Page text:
Drives are some of the quickest, most versatile moves in all of badminton. And if you’re a doubles fan, you’ve probably seen firsthand how these shots can completely flip the situation in a rally. But how can you try a drive shot for yourself — and in which scenarios can they help you the most?
Below, we’ll dive into the details behind badminton drives, including how to do them, reasons to use them, and exactly when they can help you gain the advantage.
How to Execute a Badminton Drive
Drives can be executed on either your forehand or backhand side, but it’s important to keep in mind that they won’t require your full power.
Instead, you’ll want to primarily use your forearm and wrist strength to send the shuttle flying to your opponent’s mid-court. If you go in for a full-arm swing, you might use too much power and run the risk of hitting the shuttle out of bounds.
With that in mind, here are the main steps to achieving a drive shot:
- Hop into your defensive stance — with your legs wide, your body slightly lowered, and facing the net. Your racket should be up and ready to swing.
- As your opponent hits the shuttle, bring your racket up with your elbow pointing forward. This will make it easier for you to generate power behind your shot (which can be harder to do if your elbow is pointed out to the side).
- Step into the shuttle as you swing to create a powerful, flat flight path.
- Rotate your forearm and wrist forward to flick the shuttle while it’s in front of you, and allow the momentum of your body to help add power to the shot. As you do so, aim to hit the shuttle in a way that keeps it close to the net with a flat trajectory.
- Get back into position and expect a fast exchange of shots. While drive shots can end up scoring you a point right away, it’s quite possible that your opponents will fire back with another drive — and in these cases, you’ll want to be ready for action!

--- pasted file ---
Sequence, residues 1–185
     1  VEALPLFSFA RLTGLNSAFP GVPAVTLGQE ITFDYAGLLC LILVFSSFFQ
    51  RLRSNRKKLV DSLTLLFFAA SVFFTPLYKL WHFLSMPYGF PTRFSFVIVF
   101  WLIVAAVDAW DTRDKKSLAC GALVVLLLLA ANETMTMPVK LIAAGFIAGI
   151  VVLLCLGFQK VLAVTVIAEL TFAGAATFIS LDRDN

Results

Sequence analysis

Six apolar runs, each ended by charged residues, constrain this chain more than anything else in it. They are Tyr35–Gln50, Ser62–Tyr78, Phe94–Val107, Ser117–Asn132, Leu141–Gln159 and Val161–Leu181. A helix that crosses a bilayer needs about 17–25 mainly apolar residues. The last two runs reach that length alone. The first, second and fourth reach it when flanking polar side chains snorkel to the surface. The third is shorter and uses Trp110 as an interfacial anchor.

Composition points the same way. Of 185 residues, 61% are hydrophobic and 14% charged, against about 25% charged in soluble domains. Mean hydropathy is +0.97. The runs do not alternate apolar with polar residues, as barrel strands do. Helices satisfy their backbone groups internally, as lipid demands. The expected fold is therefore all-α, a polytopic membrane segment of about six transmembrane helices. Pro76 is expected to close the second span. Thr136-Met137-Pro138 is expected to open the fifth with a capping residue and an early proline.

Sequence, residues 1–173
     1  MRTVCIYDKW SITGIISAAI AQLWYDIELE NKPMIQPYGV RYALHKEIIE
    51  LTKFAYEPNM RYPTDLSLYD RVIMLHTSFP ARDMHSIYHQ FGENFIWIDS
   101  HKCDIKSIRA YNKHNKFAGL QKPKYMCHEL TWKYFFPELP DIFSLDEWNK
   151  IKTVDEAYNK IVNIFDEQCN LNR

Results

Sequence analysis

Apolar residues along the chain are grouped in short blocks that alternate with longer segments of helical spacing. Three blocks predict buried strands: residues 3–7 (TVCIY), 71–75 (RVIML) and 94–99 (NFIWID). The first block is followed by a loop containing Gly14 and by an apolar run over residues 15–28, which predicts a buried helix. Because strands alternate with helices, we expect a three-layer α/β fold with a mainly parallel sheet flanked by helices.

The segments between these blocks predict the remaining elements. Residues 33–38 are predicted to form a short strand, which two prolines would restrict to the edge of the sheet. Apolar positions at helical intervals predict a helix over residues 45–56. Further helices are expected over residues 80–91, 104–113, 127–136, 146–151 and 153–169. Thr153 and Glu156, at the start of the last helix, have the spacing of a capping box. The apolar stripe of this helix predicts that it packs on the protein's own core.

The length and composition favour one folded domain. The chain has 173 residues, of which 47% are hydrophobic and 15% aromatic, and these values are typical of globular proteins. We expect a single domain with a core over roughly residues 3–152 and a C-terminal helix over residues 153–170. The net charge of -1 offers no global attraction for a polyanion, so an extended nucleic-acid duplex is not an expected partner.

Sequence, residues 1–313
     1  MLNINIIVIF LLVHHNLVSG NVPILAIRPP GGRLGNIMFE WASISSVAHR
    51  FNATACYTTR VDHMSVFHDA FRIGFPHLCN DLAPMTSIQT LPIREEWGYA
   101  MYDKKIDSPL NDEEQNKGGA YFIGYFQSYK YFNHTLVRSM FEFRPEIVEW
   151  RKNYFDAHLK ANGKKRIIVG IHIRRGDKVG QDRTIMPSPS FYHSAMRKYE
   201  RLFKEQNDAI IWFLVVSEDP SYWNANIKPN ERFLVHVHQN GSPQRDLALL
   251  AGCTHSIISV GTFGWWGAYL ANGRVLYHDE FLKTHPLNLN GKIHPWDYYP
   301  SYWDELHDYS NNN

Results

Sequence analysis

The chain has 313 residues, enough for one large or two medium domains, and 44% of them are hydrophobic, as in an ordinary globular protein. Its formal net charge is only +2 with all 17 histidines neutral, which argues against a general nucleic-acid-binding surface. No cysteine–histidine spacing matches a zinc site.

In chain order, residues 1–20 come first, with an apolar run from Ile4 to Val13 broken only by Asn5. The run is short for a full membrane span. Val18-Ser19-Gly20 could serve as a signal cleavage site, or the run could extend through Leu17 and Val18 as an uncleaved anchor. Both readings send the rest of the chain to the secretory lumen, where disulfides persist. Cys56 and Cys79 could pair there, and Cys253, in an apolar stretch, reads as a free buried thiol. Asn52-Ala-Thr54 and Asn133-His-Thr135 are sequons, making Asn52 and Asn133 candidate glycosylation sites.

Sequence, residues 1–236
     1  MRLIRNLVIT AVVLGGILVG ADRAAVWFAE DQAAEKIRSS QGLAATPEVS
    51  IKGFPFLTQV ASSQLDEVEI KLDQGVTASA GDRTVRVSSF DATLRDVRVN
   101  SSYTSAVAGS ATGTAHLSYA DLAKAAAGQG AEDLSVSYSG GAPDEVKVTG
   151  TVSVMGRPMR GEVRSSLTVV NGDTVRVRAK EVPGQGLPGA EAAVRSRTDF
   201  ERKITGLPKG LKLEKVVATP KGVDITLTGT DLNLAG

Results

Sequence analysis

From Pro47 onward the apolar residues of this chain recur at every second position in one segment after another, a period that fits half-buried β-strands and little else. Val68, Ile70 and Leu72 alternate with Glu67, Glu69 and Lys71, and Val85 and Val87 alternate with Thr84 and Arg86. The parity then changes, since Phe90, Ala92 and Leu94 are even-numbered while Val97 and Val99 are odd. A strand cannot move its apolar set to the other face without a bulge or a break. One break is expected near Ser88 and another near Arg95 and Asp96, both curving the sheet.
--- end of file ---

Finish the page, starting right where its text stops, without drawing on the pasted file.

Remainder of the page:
Why Use Badminton Drives?
If you’ve ever watched professional doubles games, you’ve probably seen your fair share of heated drive exchanges. However, these shots are a bit riskier — and rarer — in singles. This is simply because of how fast-paced drives are; if you start a drive exchange in singles, it can be tough to cover all the open space on your court.
With that in mind, why should you use badminton drives? In both singles and doubles, you can use drives to throw off your opponent’s rhythm when they’re expecting a frontcourt shot. In these cases, they may start lunging toward the net, only to be completely caught off guard as your drive shot flies past them.
Aside from that, drives can work excellently as counterattacks to weaker smashes. When used at the right time, they can help you turn a defensive situation — where you may have been hitting lifts or blocks to protect yourself — into a more level playing field. You can use them to increase the pace of the rally and eventually force your opponent to hit a weak, floaty shot.
Examples of When to Use Badminton Drives
Now you know the benefits of using drive shots, but what do these situations actually look like in practice? To help you get a clear picture, here are some specific examples to consider:
- When your opponent hits a crosscourt smash from their backcourt in doubles: By hitting a drive to the opposite side of their court, your shot can potentially surprise and outpace the frontcourt player.
- When returning a serve in doubles: Mixing in occasional drives as you return serves can abruptly increase the speed of a rally and keep your opponent guessing your next move.
- When your opponent hits a weak smash in singles: With fast reflexes, you can respond with a quick drive to the open side of their court. This can often force your opponent to hit a weak shot or miss entirely.
Drives are some of the most versatile moves in badminton, and they’re arguably one of the most useful shots in doubles. These flat, fast-paced shots can help add variety to your game, strengthen your defense, and make you a better overall player.
Like any badminton technique, drive shots can take time to learn. But whether you want to keep your opponents guessing, recover from being attacked, or set yourself up for a kill shot, it’s certainly worth finding the time to add these into your arsenal.
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